Along with "Sunset Boulevard" and "The bad and the beautiful" this is the best film about Hollywood behind the masks and all the glamor of theater and film. Extremely stagy, but Bette Davis was never better, and George Sanders is as always deliciously slimy and arrogant to the max; only Baxter is not quite convincing as the star to be. But it does not really matter because the direction is great, and the dialog is amazing all the way. A real roller-coaster of a movie that contains both bundles of laughter, and some truly terrifying moments as well. Davis has the line of a lifetime that expresses the essence of the film: "Fasten your seat belts! It's gonna be a bumpy night!"
Michelangelo Antonioni is one of the greatest directors ever from Italy, but contrary to fellow colleagues such as Fellini and De Sica he is not so easily digested. As a consequence his films had a hard time finding their audience, but eventually his very unique style has become more and more interesting, although probably not for a mainstream audience. This major work are innovative in many ways: it is a movie that breaks free of the traditional narrative and in doing so becomes very confusing at first, but for those who are patient will emerge as quite fascinating and profound. The movie is considered the first in a trilogy - the others being "La Notte" and "L'Eclisse".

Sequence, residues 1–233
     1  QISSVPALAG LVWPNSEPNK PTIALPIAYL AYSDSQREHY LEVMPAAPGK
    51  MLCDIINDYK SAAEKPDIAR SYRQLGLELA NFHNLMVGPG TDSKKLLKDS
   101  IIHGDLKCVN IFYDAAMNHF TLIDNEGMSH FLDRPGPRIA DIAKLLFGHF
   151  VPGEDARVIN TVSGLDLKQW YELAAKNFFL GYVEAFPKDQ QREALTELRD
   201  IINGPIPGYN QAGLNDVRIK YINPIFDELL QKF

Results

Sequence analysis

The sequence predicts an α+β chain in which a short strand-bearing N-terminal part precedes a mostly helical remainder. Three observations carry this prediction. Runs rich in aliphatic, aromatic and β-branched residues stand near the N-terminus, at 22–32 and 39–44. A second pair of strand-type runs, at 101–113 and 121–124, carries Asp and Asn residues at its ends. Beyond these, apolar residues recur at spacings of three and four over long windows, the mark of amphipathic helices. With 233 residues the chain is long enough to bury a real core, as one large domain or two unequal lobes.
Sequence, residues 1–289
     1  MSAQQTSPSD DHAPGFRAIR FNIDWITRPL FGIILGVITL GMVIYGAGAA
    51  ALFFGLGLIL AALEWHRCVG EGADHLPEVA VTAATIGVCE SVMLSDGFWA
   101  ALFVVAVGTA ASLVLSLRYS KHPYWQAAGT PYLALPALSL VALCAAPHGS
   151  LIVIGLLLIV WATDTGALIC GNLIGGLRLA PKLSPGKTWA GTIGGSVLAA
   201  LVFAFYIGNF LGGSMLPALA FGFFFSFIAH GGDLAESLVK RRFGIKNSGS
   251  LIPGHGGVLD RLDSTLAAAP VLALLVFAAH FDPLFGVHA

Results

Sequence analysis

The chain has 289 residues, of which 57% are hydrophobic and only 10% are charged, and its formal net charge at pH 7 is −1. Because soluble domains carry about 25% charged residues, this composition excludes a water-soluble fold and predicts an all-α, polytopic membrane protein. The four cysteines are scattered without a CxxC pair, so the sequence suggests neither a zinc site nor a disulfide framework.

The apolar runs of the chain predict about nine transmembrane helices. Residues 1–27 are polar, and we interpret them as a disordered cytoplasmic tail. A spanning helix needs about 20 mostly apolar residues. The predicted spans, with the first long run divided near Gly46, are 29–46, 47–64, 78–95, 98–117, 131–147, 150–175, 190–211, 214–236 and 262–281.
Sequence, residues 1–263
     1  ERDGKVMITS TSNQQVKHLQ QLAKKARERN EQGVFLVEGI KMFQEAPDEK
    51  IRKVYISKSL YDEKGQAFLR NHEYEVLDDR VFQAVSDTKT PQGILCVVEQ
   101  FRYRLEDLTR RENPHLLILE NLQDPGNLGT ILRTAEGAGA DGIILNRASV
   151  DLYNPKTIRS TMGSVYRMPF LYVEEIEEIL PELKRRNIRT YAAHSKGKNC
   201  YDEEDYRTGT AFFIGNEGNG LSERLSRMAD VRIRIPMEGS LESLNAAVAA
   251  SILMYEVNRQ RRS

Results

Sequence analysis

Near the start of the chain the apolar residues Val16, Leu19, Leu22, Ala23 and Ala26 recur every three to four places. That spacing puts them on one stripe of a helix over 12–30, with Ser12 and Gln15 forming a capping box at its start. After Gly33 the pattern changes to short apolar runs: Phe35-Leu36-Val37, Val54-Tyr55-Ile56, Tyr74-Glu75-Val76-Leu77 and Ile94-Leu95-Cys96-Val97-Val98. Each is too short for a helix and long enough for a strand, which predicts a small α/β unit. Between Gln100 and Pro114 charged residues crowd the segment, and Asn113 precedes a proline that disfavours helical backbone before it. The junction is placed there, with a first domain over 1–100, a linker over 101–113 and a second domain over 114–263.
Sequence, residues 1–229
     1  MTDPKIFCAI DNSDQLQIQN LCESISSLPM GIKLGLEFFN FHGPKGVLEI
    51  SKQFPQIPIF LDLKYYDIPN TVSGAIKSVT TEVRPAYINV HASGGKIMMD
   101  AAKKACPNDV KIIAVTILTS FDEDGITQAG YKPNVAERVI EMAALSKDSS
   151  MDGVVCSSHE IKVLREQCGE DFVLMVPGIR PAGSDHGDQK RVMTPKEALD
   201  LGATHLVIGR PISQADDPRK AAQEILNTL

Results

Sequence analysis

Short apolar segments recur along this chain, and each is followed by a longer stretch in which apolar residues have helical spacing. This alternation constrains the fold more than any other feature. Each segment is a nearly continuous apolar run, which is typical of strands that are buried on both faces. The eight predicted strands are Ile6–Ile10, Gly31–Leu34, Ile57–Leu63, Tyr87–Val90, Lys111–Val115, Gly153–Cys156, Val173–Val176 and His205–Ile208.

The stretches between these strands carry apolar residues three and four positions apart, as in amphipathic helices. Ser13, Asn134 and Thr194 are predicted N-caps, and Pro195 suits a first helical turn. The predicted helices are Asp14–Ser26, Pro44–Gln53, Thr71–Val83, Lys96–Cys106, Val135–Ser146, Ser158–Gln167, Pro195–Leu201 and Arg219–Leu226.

An exquisitely executed comedy about a simple man who suddenly wins a big amount of money in a lottery and the consequences for his modest way of living. A real treat of a movie, very funny and also in many ways quite profound. Maybe the first musical in the history of movies, the film is quite often being compared to Chaplins "Modern times" and apparently there was a feud between Clair and Chaplin because of the similarity in storyline. However, Clairs film is in fact very different and the two movies are both great on their respective terms. And both men should be equally praised for their depiction of the industrial developments impact on the individual human being.